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Classification systems used by the National Compensation Survey
The National Compensation Survey (NCS) publishes estimates of compensation costs and trends, as well as benefit coverage and provisions. Estimates are available by ownership (civilian, private industry, and state and local government), industry group, occupational group, and geographic areas.
The NCS excludes workers employed by the federal government, volunteers, unpaid workers, individuals receiving long-term disability compensation, overseas workers, workers who set their own pay (e.g., proprietors, owners, major stockholders, and partners in unincorporated firms), and the self-employed. Additional exclusions by industry, occupational group, and geographic areas are indicated in the respective sections below.
The sections below provide information on the use of the classification systems and availability of estimates by industry group, occupational group, and geographic areas. NCS product sections are collapsed by default. To expand or collapse all sections use the buttons below. Individual NCS product sections can be expanded or collapsed by clicking the arrow next to the section.
Industry groups and industries
The North American Industry Classification System (NAICS) is the standard used by federal statistical agencies to classify establishments into industries for the purpose of collecting, analyzing, and publishing statistical data related to the U.S. economy. Prior to the implementation of NAICS, the NCS used the Standard Industry Classification (SIC) system to classify establishments. For information on the transition, see Change has come to the ECI and ECEC changes to NAICS and SOC. The NCS program adopted NAICS in 2004 for the Employer Costs for Employee Compensation and in 2006 for the Employment Cost Index. Currently, the NCS program uses NAICS 2017. There are several industry groups that are out of scope for the NCS including agriculture, forestry, farming, and hunting (sector 11), postal service (industry group 491), and private households (industry group 814).
The tables below contain the industries and industry groups published in the Employment Cost Index (ECI), Employer Costs for Employee Compensation (ECEC), and Employee Benefits in the Unites States are covered in this section. Estimates for some industries and industry groups are not available for all of the ownerships or NCS products. For example, estimates for schools (6111, 6112, and 6113) are available for state and local government workers in the ECI but are not available for ECEC and Employee Benefits in the United States.
Additionally, the tables provide the NAICS code and corresponding NCS industry code used in the mapping (text) files that accompany the public database estimates. The two-digit NAICS codes represent the sectors such as construction (sector 23) and more detailed NAICS codes represent industry groups such as credit intermediation and related activities (522) and industries elementary and secondary schools (6111). Dashes (-) indicate a span of sectors, industry groups, or industries. For example, retail trade includes store (sector 44) and nonstore (sector 45) retailers.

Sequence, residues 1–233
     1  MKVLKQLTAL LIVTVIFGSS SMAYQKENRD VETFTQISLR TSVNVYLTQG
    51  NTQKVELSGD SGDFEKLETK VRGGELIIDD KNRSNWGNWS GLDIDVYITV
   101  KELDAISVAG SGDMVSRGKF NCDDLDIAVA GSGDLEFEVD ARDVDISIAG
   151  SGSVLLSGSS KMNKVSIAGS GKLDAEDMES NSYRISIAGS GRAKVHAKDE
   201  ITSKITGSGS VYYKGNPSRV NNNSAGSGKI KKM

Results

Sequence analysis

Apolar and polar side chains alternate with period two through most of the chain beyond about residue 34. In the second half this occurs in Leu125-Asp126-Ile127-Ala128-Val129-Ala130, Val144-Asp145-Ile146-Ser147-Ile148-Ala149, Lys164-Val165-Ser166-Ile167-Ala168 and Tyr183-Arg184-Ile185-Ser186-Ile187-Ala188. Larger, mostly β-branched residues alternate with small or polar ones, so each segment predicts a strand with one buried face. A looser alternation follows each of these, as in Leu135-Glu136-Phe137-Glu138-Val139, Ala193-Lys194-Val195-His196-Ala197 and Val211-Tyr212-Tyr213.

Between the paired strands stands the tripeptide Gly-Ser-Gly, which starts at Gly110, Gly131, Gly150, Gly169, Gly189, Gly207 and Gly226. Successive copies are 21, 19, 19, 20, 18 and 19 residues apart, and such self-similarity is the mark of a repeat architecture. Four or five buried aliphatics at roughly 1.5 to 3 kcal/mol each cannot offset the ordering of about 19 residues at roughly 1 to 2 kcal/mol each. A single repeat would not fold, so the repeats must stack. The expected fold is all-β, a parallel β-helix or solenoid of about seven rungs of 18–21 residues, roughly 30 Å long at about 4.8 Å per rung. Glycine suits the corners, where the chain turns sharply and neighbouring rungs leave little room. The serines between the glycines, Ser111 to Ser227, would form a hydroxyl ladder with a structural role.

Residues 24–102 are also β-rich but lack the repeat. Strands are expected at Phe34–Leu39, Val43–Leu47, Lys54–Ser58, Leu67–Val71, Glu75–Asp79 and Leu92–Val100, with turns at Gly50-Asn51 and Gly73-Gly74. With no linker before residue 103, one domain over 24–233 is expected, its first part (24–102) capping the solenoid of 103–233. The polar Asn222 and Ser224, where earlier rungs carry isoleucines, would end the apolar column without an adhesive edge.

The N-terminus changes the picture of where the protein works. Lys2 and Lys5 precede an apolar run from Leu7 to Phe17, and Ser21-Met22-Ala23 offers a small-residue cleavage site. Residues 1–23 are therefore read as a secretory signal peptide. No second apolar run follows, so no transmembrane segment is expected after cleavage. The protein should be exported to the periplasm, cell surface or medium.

ECI industry groups and industries ▸
Table 1A. Published industry groups and industries in the Employment Cost Index (ECI)
Footnotes: (1) For mapping files definitions and relationships see Employment Cost Index overview. (2) Private industry only. (3) Not available for state and local government. (4) State and local government only. (5) Not available for private industry.
Footnotes: (1) For mapping files definitions and relationships see Benefits overview. (2) Not available for state and local government. (3) Private industry only. (4) Not available for private industry.
The Standard Occupational Classification (SOC) system is the standard used by federal statistical agencies to classify workers into occupations for the purpose of collecting, analyzing, and publishing statistical data related to the U.S. economy. In the SOC, occupations are classified into 23 major groups; however, military specific occupations (55-0000) are out of scope for the NCS program. The NCS adopted the SOC system in 2006. For information on the transition from the Occupational Classification Series (OCS) to SOC, see Change has come to the ECI and ECEC changes to NAICS and SOC.
The NCS is currently sampling and collecting occupational data based on SOC 2018. The ECI uses employment weights from the Occupational Employment Statistics based on SOC 2010, see Introducing 2012 weights for the Employment Cost Index. The NCS anticipates publishing estimates based on the SOC 2018 system with the December 2022 ECI release.
Footnotes: (1) For mapping files definitions and relationships see Benefits file overview. (2) Not available for state and local government. (3) Not available for private industry. (4) Available for civilian workers only.
Currently, the NCS area definitions are based on the Office of Management and Budget Bulletin No. 13-01, dated February 28, 2013. Previous area definitions are based on Office of Management and Budget Bulletin No. 04-03, dated February 18, 2004. For more information on metropolitan area definitions, see the Census’ Metropolitan and Micropolitan page.
Table 3B. The MSAs and CSAs published in the Employment Cost Index and Employer Costs for Employee Compensation
Census region and metropolitan area
Boston-Worcester-Providence, MA-RI-NH-CT CSA
New York-Newark, NY-NJ-CT-PA CSA
Philadelphia-Reading-Camden, PA-NJ-DE-MD CSA
Atlanta-Athens-Clarke County-Sandy Springs, GA CSA